We have great news to share: Omnipresent is now operational in Belarus. The country is garnering a lot of attention for its outstanding talent pool, particularly in the tech industry. The high skill level and adaptability of talent in Belarus are two of the many factors that are making the country attractive to remote employers. Here we outline what to expect when employing remotely in Belarus and how Omnipresent can help you compliantly employ the best talent in the country.
A Growing Tech Hub
Over the last decade, Belarus has been touted as a magnet for sourcing tech talent in Europe. This is rooted in the region’s historic role as a tech centre in the Soviet Union. Renowned tech companies like Viber and World of Tanks were founded here. And the country also has its own Silicon Valley variant, the Hi-Tech Park in Minsk, to showcase its innovative environment.
The employers mostly sourcing talent here are tech-based and mainly located in the US and Western Europe, with Belarus ranked at 49 out of 200 countries worldwide for ease of doing business. Due to the great business conditions, the market for hiring IT professionals in Belarus is growing about 4 to 5 times faster than anywhere else in the world, closely tied with the development markets of Ukraine and Poland.
Employees in Belarus are....
- Highly Educated
- Have Solid English skills
These are the key factors which make Belarusian employees so popular amongst global tech companies. The strong IT and tech grounding of the country’s education sector provide the optimal environment for nurturing young talent in this sector. As our global survey findings also show, a good level of English amongst tech talent also makes remote employment much easier and more attractive for global companies.
In addition, local living expenses are lower. This will be useful to know when you calculate the salary benchmark for employees in Belarus.
New Employment Regulations & Remote Work
Generally, employment contracts in Belarus can be permanent or fixed-term. However, there are some conditions for fixed-term agreements. Previously, employers needed to prove that an employment agreement cannot be indefinite due to the nature of the work being performed.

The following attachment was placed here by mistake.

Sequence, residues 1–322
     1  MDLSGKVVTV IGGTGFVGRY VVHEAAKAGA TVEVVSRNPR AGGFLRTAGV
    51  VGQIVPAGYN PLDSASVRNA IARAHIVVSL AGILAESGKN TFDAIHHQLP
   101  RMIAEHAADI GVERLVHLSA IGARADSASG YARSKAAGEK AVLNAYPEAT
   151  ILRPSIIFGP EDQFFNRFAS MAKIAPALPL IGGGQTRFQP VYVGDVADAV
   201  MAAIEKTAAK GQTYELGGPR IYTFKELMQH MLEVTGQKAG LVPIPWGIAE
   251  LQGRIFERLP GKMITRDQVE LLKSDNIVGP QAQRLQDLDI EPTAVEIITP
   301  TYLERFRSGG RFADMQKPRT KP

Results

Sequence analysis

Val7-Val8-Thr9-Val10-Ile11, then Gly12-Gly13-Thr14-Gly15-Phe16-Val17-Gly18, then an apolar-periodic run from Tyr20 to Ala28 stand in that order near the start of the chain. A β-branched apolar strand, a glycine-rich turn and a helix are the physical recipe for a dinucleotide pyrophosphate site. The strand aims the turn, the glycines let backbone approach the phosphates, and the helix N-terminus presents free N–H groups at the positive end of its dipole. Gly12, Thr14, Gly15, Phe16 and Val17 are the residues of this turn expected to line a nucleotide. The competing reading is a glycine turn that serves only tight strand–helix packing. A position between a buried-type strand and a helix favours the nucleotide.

Yet recent amendments to the labour code have extended the reasons to form fixed-term contracts as well as the list of people who may conclude them.These amendments now make it easier for employers to sign fixed-term contracts and provide them with a broader range of employment opportunities. You will need to consider whether your company and employee fit the bill for signing a fixed-term contract or whether a permanent contract may be safer.
Furthermore, new regulations on remote work stipulate that the same labour laws regulating on-site employment apply to remote working. The same benefits and rights apply. This also means remote employees are entitled to the same forms of leave. Parental leave in Belarus, for example, is generous, with mother’s receiving 126 days of paid maternity leave, but can take up to 3 years of unpaid leave with their jobs secured until they return. Paternity leave has also been extended.
An important point to keep in mind, however, is that your remote employee must be present when signing an employment agreement.
Taxes & Contributions
Generally, employees’ income in Belarus is taxed at a flat rate of 13%. Tax rules do also vary in particular instances, for example, for people employed at the Hi-Tech Park.
In addition, pension and social security payments are 1% of an employee’s monthly income. The employer, however, pays the following contributions:
- 28% for Pension Fund
- 6% for Social Security
- 0.6% Insurance fees (against accidents at work & professional disease)
Unlike other growing tech-hubs like Armenia, where employers are not obliged to pay for employees’ welfare and benefits, social security contributions are largely shouldered by the employer in Belarus. As an employer, the onus will be on you to make sure taxes are paid correctly and at the right time.